decided: April 19, 1966.
Appeal from judgment of Court of Common Pleas of Allegheny County, July T., 1963, No. 3136, in case of Eresby A. Gilkes v. Rose Levinson.
Marshall J. Conn, with him Kalman A. Goldring and Tice F. Ryan, Jr., for appellant.
Charles Kirshner, with him Rosenberg & Kirshner, for appellee.
Musmanno, Jones, Cohen, Eagen, O'Brien and Roberts, JJ. Opinion by Mr. Justice Eagen.
[ 421 Pa. Page 129]
In the trial of this personal injury action, the jury awarded plaintiff a substantial verdict. Subsequently, the court en banc entered judgment for the defendant non obstante veredicto. The plaintiff appeals.
Viewed in the light most favorable to plaintiff's cause, the record discloses the following:
Plaintiff, an unskilled worker, was employed by the defendant and her late husband to serve as a handy man around their home. His duties included gardening and attending to the grounds and lawn. On the day in question, he was seriously injured when he slipped and fell about twenty-five feet from an unattended extension ladder placed against a tree on the property. At the time he was using a power saw, two feet long and twelve pounds in weight, to cut a dead limb from the tree. Plaintiff himself describes the occurrence in the following words: "I leaned against the ladder. I put my weight against the ladder and pulled the trigger and the saw started going through the limb, and it got through the limb and was getting close to all the way through the limb, I changed the position of the saw and pulled the trigger and the saw made a jerk forward and pulled the ladder forward, and the ladder snapped back and slipped off the tree, and I came down."
The tree pruning was done at the instance of the defendant, and the ladder and saw were supplied by her with repeated assurances that they were safe for use in the work intended. It is admitted that both were free from any mechanical or structural defects. It also appears that the method used in arranging and fortifying the ladder against the tree was of plaintiff's own choosing. Likewise, it was his own decision to ascend the ladder without the use of ropes or other safeguarding device.
[ 421 Pa. Page 130]
It is the contention of the plaintiff that the use of a heavy power saw at such a height on the unattended ladder was dangerous, and that the defendant was negligent in directing that the work be pursued with such equipment and without giving notice of the danger involved or providing manual assistance to protect his safety, particularly in view of plaintiff's known lack of experience in tree pruning.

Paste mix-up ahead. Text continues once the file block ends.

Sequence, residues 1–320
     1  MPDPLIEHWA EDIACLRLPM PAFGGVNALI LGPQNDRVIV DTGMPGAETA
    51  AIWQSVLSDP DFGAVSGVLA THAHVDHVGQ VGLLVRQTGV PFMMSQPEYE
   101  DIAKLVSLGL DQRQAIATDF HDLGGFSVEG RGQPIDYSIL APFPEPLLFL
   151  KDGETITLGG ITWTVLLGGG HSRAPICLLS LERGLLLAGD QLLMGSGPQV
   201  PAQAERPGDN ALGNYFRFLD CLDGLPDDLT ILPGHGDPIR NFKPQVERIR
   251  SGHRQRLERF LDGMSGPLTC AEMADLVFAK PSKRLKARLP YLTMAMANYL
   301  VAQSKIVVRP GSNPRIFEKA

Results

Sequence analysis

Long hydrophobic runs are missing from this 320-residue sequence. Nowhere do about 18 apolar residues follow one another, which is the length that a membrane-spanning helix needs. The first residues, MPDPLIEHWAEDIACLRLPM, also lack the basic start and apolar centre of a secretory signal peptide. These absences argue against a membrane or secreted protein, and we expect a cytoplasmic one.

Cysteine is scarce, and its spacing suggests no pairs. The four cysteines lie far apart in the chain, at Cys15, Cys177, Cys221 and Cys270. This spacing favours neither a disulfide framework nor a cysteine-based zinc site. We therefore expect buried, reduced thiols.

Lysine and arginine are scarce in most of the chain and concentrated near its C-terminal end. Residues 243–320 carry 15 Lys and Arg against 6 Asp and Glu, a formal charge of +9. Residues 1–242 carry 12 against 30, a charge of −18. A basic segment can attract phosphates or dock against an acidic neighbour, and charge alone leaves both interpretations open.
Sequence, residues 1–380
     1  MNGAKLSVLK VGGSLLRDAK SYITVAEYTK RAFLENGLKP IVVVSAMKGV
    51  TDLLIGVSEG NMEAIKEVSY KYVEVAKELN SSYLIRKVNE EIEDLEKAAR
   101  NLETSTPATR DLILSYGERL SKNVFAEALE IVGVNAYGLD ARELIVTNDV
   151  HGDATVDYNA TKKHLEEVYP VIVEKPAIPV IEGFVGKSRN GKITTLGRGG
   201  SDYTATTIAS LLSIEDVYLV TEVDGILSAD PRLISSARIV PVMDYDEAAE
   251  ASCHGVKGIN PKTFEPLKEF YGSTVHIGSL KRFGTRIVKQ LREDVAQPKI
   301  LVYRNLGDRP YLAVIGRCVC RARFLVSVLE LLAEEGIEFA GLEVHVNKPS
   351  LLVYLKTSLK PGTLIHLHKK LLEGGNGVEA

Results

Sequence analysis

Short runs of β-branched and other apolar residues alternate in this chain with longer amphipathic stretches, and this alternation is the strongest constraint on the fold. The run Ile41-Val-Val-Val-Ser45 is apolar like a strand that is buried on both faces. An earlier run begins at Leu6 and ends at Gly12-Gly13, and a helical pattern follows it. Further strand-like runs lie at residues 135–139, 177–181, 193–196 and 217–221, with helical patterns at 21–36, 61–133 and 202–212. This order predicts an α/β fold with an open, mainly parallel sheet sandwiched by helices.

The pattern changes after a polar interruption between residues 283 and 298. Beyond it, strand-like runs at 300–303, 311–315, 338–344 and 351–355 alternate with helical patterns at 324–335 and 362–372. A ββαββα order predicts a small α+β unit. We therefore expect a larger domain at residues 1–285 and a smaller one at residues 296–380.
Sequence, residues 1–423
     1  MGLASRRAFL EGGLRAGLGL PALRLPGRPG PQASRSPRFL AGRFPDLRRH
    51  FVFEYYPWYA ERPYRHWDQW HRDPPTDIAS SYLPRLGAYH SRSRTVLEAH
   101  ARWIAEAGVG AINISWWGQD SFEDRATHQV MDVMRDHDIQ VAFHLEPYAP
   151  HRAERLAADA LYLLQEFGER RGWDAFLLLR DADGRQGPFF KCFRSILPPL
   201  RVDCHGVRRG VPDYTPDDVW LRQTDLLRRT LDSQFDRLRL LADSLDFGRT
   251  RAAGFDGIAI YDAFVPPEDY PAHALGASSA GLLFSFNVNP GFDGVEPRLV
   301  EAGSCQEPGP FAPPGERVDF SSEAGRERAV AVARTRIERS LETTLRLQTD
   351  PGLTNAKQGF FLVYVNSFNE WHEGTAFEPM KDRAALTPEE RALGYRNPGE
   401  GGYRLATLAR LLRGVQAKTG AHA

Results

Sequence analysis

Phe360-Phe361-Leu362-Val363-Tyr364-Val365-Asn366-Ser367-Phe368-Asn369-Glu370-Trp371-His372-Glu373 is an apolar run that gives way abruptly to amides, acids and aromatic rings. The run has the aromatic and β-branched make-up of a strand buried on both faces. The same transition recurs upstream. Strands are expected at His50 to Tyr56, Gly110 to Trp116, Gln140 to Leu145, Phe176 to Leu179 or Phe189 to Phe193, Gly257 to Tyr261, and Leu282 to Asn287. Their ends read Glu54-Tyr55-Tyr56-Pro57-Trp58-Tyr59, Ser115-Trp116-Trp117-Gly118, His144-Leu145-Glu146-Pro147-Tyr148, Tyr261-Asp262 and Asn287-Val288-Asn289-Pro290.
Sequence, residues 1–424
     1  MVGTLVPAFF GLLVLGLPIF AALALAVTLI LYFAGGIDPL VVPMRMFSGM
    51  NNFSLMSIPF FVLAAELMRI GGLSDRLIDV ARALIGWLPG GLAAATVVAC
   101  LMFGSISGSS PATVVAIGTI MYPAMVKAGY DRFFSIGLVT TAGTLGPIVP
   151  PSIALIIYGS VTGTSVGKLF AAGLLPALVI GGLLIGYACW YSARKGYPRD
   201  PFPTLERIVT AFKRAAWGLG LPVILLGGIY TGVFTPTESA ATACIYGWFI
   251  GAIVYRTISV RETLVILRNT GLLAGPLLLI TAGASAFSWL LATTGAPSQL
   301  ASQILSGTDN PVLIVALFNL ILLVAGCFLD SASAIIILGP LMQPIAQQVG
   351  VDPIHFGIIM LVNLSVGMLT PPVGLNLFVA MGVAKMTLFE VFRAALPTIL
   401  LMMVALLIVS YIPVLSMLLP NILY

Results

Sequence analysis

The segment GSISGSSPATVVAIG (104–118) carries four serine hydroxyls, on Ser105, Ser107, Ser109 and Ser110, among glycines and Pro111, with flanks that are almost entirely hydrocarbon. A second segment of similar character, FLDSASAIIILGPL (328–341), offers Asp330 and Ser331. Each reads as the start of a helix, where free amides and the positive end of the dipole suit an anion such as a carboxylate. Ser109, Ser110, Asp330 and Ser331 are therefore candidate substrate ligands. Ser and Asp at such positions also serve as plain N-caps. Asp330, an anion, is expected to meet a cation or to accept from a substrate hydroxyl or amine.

We agree with the ruling of the court below and will affirm the judgment.
As noted before, the equipment involved was admittedly faultless. There was no evidence that its use for the purpose concerned was improper or wrong in itself. Absent also was any proof or contention that the saw or ladder acted improperly or even in an unusual manner. Under such facts, the mere supplying of the equipment for the use intended did not constitute negligence. The situation is not governed by § 392 of the Restatement 2d, Torts (1965)*fn1 as plaintiff contends. Further the case of Labick v. Vicker, 200 Pa. Superior Ct. 111, 186 A.2d 874 (1962), where the injury was caused by a structurally defective ladder is not apposite.
Nor was liability established by proof that the defendant failed to warn plaintiff of the hazard involved, and failed to provide assistance of another person to help keep the ladder secured to the tree. An employer is duty bound to warn an employee of dangers to which he will be exposed only if the employer himself has or should have knowledge of such dangers, and if the employee is ignorant thereof, and if they are not the
[ 421 Pa. Page 131]
subject of common knowledge or patent to a person of his apparent knowledge and experience: Faulks v. Fischer, 349 Pa. 485, 37 A.2d 574 (1944). In view of the record facts as to plaintiff's background and past experience, it is incomprehensible that he was not fully cognizant of the danger incident to the specific manner in which he himself chose to carry out the work. As to the failure to provide additional help in doing the pruning, assuming such a duty existed, it is clear from plaintiff's own testimony that this was not the proximate cause of the accident.
In view of the above, we need not reach the question of whether or not plaintiff assumed the risk.